AMY GOODMAN: Max Stahl was filming near a crypt in the middle of the cemetery. Some of the wounded and those too scared to run were huddled inside praying. As Stahl filmed, he buried his videocassettes in a fresh grave. Then he was arrested by the troops.
MAX STAHL: Whilst I was being interrogated, I observed these trucks driving by with more people in them. These people were clearly in a kind of paralysis of fear. They were not able to move. Some of them, at least in the cemetery and, indeed, even in the trucks, when I saw them going by, were barely breathing. When people are that terrified, it’s quite often difficult to tell if they’re dead or alive.
AMY GOODMAN: After nine hours in custody, Stahl went back to the cemetery under cover of night, dug up his videocassettes and had them smuggled out of the country. Allan Nairn and I had managed to leave East Timor a few hours after the massacre. From a hospital on Guam, we reported what had happened to dozens of newspapers, radio and television outlets around the world.
PACIFICA REPORT: From Washington, this is the Pacifica report for Tuesday, November 12, 1991. A massacre in East Timor. Among those injured were two journalists, including a news editor of Pacifica station WBAI in New York.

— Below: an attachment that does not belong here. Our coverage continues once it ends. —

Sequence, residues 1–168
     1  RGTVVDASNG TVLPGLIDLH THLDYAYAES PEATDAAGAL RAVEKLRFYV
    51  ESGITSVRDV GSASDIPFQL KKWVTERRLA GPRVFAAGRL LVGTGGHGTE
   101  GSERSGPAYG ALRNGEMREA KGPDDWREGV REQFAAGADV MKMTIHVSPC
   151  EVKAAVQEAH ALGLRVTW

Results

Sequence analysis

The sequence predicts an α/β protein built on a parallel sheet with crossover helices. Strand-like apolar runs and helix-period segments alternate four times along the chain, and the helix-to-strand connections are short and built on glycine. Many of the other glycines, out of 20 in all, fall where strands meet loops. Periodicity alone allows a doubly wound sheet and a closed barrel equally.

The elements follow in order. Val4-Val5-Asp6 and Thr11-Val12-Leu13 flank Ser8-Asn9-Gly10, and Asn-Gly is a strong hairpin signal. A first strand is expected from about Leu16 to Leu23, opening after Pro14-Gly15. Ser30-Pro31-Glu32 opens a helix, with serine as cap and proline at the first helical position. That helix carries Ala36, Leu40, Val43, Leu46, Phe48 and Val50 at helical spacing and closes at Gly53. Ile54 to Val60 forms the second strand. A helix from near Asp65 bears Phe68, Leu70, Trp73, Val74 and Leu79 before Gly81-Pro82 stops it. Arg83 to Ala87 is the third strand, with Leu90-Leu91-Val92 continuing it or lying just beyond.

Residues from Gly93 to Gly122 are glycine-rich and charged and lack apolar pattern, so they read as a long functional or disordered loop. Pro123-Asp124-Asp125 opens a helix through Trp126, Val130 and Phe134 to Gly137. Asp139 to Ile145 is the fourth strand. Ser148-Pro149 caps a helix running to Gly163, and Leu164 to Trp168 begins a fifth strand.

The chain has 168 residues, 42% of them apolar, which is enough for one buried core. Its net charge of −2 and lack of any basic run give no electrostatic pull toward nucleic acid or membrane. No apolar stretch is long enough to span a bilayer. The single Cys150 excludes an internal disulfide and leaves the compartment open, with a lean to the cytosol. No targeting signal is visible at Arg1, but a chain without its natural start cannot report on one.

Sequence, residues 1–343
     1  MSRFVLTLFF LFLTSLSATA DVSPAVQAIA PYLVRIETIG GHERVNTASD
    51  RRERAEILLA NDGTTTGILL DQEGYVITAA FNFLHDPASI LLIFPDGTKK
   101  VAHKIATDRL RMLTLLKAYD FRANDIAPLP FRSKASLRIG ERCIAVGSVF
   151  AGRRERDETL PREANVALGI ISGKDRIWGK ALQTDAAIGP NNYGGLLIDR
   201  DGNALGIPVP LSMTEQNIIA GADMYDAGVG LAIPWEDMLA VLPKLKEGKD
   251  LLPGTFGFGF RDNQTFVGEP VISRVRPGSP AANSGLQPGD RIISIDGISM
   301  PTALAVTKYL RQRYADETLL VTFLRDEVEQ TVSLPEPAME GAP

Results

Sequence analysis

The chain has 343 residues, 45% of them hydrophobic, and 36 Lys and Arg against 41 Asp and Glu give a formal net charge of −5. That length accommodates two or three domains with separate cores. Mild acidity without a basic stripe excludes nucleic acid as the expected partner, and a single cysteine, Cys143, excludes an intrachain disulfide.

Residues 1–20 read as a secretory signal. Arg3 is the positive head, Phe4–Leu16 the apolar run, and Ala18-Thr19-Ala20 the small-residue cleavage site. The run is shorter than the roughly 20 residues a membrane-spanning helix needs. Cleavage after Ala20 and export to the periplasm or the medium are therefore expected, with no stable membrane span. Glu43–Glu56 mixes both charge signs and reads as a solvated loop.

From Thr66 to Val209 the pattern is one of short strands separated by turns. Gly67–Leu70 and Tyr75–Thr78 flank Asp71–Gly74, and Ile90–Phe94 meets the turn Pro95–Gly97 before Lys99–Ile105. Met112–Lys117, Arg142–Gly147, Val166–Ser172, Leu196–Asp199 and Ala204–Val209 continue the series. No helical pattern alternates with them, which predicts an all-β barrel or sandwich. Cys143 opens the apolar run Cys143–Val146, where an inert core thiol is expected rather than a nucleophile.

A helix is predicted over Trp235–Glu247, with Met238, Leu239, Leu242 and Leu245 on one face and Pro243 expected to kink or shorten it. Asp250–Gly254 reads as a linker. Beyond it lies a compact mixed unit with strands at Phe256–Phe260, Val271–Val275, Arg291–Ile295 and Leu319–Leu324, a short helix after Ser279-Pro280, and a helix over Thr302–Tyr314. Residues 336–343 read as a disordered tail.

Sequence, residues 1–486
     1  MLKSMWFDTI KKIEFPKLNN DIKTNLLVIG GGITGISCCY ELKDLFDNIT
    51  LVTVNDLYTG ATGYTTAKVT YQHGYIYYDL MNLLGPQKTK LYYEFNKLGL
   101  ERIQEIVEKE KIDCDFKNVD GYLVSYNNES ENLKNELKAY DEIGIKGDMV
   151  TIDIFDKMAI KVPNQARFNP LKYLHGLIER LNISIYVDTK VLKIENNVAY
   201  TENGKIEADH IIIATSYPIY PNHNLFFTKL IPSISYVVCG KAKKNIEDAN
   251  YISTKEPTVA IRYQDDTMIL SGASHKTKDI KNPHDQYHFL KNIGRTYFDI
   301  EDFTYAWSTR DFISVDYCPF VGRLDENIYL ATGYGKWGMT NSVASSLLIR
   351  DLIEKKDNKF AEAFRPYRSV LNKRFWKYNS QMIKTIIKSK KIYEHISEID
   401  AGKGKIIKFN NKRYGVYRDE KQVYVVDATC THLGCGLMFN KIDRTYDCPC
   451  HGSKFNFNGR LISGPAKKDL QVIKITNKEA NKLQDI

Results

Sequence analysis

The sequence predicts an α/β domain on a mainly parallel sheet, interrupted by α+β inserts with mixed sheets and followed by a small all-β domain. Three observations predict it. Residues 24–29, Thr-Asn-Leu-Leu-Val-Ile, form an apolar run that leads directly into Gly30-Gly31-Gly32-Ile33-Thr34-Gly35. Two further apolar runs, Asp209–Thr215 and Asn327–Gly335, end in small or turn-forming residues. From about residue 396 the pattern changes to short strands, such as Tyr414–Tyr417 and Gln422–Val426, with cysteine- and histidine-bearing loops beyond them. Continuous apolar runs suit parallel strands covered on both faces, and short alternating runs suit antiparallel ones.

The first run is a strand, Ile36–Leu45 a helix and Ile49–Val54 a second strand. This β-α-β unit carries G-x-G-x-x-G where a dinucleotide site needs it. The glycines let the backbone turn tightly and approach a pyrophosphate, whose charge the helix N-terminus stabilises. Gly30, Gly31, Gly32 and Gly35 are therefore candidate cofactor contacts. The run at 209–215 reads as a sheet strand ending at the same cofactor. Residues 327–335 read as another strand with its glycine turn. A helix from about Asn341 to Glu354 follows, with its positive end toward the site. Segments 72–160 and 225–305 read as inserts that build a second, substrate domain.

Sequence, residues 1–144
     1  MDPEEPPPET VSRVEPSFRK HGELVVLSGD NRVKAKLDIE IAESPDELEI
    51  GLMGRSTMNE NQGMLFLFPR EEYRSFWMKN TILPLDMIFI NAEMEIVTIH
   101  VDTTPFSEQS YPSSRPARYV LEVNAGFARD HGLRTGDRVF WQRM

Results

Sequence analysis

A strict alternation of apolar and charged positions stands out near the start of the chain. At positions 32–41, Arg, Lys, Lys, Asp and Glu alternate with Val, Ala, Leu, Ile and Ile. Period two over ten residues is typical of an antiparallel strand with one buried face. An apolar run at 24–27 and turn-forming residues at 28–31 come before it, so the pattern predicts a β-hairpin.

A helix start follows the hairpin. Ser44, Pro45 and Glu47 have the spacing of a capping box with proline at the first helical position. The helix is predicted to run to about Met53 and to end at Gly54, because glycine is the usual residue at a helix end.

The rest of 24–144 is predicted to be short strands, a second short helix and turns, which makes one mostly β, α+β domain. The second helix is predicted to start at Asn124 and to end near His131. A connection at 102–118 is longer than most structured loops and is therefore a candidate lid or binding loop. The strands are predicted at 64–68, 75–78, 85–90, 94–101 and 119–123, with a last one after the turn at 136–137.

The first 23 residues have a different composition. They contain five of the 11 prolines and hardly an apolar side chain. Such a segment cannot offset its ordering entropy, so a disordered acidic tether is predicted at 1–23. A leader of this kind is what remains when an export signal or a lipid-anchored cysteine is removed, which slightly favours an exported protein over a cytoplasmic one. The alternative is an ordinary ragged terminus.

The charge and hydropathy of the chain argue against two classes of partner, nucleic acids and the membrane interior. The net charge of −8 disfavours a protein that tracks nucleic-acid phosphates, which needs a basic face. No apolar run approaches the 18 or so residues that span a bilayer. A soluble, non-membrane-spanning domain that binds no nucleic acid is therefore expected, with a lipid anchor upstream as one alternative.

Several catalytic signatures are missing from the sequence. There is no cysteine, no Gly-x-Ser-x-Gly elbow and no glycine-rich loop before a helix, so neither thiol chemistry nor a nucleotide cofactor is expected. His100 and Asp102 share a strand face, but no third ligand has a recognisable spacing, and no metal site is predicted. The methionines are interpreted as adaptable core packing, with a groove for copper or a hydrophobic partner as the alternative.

AMY GOODMAN: They beat me and dragged me over and started slamming me with rifle butts and kicks and punches, and then Allan jumped on top of me, and they beat him very badly. But that was the least of what they did. They opened fire on the people, and these were truly defenseless people…
MONTAGE OF WORLD NEWS FOOTAGE: When Indonesian troops opened fire on a crowd — This is CBC Radio — The massacre of 100 unarmed Timorese by the Indonesian military — Photographs of the bloody massacre during a fight for freedom — This is the CBS Evening News.
AMY GOODMAN: In the face of the massacre story, even Suharto’s longtime allies were compelled to condemn the killings and came under public pressure to cut back their aid to Indonesia. In Australia, large crowds marched on the capital and surrounded Indonesia’s local consulates. The European Parliament voted for sanctions against Indonesia, and the European community later canceled a scheduled trade pact. There were even open protests inside Indonesia where student demonstrators were beaten and arrested.
Back in the United States, the Bush administration continued to ship weapons to Indonesia.
AMY GOODMAN: That’s an excerpt of Massacre: The Story of East Timor, the documentary I produced with journalist Allan Nairn. East Timor, or Timor-Leste, would vote for its freedom in a U.N. referendum in 1999 and become an independent nation in 2002, one of the newest nations in the world. The video from inside the cemetery was filmed by Max Stahl, the award-winning filmmaker who died several weeks ago at the age of 66. To see the whole thing, go to democracynow.org. I’m Amy Goodman. Stay safe.